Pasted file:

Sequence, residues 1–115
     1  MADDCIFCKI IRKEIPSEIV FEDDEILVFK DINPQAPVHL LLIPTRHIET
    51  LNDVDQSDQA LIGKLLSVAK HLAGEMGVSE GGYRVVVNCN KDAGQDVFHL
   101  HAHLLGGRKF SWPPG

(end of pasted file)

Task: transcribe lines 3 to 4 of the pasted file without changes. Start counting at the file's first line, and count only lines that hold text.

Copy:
    51  LNDVDQSDQA LIGKLLSVAK HLAGEMGVSE GGYRVVVNCN KDAGQDVFHL
   101  HAHLLGGRKF SWPPG